Sea Scorpions (Eurypterus remipes)Houston Museum of Natural Science
Late Silurian. Fiddlers Green Formation, Phelps Member, Lang’s Quarry, Herkimer County, New York, USA.
Euripterids, or “Sea Scorpions” lived more than 100 million years before dinosaurs evolved. They are not directly related to modern scorpions - their closest living descendant is the horseshoe crab - but they had a pair of terrifying pincers much like modern scorpions do. These euripterids are quite small, but some grew up to five feet long. Sea scorpions lived underwater, as most life did during their age. Dry land was still an inhospitable place for any creature who didn’t want to be roasted by the sun’s rays. But some of euripterid’s arthropod relatives would become the first animal colonizers of terra firma, their exoskeletons providing protection from the sun, and a way to retain moisture in the dry air.
Open Mouthed IchthyosaurHouston Museum of Natural Science
Jurassic. Holzmaden Black Shale Formation. Holzmaden, Stuttgart, Germany
Sting Ray (Heliobatis)Houston Museum of Natural Science
Eocene. Green River Formation, Wyoming, USA.
Feather Dinosaur Plate (Sinosauropteryx prima)Houston Museum of Natural Science
Early Cretaceous. Yixian Formation. Liaoning, China.
So where do dinosaurs end and birds begin? It’s a tough question, because so many dinosaurs acquired avian features. We know that the ancestor of today’s birds was one of the many types of feathered dinosaurs evolving in the Late Jurassic.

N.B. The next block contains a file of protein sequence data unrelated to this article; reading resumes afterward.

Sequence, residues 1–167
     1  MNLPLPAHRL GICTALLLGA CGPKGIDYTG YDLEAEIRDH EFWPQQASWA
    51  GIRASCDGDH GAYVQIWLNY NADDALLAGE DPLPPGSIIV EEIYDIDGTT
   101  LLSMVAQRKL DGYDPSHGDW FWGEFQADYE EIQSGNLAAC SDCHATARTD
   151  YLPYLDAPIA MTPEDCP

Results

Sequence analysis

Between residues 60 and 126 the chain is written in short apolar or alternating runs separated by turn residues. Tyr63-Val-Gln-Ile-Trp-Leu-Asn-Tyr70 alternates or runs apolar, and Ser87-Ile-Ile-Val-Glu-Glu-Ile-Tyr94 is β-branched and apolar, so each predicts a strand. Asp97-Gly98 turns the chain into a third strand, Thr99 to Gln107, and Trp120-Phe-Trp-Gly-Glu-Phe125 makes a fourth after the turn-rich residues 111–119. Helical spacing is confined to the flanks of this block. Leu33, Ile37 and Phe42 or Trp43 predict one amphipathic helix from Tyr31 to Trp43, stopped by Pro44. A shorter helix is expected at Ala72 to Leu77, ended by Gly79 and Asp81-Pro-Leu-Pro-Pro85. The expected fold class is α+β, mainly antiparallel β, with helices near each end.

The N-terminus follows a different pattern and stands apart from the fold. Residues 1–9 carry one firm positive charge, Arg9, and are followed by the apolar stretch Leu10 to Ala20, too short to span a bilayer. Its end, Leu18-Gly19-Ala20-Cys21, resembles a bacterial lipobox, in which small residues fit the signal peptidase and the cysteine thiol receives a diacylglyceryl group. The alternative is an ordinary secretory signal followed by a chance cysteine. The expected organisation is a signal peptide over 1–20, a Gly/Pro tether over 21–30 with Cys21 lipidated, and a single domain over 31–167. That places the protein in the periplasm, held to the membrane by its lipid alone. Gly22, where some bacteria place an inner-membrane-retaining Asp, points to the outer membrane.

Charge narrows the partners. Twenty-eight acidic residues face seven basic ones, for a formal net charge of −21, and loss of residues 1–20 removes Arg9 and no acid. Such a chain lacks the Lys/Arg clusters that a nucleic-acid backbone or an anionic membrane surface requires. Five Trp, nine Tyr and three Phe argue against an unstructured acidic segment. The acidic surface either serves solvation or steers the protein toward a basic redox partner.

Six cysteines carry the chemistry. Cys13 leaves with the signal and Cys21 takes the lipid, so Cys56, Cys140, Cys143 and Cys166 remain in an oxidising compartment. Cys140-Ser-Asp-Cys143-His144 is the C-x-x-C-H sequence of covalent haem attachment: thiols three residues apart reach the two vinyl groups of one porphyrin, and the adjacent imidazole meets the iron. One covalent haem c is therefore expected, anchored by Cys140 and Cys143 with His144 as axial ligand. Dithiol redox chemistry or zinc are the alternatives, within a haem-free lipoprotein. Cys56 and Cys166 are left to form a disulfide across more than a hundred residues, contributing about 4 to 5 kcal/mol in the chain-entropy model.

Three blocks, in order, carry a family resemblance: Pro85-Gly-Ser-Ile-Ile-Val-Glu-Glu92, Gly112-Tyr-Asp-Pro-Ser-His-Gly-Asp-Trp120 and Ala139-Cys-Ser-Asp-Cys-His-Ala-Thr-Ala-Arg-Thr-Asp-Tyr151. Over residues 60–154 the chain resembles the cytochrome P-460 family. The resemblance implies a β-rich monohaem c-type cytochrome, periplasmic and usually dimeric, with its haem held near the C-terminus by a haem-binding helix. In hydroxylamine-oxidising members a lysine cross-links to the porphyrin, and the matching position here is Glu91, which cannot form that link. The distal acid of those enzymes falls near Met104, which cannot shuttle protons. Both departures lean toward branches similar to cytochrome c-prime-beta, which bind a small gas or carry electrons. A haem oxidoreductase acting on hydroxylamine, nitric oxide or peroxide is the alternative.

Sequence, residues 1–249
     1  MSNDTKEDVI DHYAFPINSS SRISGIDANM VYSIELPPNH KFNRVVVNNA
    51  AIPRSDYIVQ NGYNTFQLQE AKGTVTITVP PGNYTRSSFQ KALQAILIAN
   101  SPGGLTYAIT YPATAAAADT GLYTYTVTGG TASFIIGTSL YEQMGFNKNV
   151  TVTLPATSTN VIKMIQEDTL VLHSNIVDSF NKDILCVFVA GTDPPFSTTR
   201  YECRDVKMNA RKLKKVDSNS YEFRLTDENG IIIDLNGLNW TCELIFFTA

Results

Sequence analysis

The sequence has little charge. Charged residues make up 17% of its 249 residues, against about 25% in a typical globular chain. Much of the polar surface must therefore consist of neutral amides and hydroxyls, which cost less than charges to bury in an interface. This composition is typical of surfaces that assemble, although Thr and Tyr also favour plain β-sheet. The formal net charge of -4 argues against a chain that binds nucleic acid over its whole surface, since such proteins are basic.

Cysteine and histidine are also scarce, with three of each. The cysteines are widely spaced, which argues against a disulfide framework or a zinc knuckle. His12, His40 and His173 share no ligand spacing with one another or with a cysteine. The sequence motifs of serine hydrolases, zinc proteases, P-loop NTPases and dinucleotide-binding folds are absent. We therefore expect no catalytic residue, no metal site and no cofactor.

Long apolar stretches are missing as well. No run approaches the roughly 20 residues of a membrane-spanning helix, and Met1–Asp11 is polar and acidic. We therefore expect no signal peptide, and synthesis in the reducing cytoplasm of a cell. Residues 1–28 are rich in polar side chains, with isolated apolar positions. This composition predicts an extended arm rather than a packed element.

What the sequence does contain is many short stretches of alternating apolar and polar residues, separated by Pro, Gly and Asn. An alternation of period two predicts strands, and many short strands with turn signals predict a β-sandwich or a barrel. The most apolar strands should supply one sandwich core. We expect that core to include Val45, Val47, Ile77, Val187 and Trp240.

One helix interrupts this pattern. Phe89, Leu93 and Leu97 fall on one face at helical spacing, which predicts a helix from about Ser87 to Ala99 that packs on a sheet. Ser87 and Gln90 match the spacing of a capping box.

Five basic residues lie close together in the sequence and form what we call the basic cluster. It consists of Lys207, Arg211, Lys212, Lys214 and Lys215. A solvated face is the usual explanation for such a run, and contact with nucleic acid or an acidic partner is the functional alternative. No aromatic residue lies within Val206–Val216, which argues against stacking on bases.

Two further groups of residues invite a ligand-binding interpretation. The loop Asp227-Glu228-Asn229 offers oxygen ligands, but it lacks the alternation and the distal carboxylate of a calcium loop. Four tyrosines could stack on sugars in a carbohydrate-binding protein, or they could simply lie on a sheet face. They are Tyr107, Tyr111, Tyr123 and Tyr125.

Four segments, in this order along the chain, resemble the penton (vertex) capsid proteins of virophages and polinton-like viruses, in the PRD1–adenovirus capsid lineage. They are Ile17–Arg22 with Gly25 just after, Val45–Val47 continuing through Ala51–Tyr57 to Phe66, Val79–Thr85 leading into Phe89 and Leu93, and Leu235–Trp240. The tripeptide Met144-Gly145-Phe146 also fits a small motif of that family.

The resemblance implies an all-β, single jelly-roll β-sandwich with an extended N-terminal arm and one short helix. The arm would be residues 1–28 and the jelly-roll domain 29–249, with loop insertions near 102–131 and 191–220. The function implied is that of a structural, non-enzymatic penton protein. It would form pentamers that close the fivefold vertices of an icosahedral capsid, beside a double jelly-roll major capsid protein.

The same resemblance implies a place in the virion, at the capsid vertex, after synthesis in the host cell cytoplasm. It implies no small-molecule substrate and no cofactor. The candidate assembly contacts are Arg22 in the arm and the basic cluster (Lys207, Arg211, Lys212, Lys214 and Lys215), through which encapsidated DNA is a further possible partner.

Feathered Dinosaur Plate (Caudipteryx zoui)Houston Museum of Natural Science
Dinosaurs are not really extinct – birds are a surviving branch of the dinosaur family tree. Archaeopteryx made headlines in the 1860s as a near-perfect link between dinosaurs and birds. The fossil showed large, complex flight feathers on the arms, but Archaeopteryx also had teeth, three-fingered claws and a long, body tail like an Allosaur’s. The raptor-dinosaurs Velociraptor and Deinonychus, discovered in the mid-1900s, filled in more evolutionary gaps. They had longer arms and bigger brains than most other dinosaur species, coming close to the cranial capacity of modern birds. In the 1900s, Chinese paleontologists studied and reported many skeletons of raptor-dinosaur with feathers, such as Caudipteryx and Sinosauropteryx.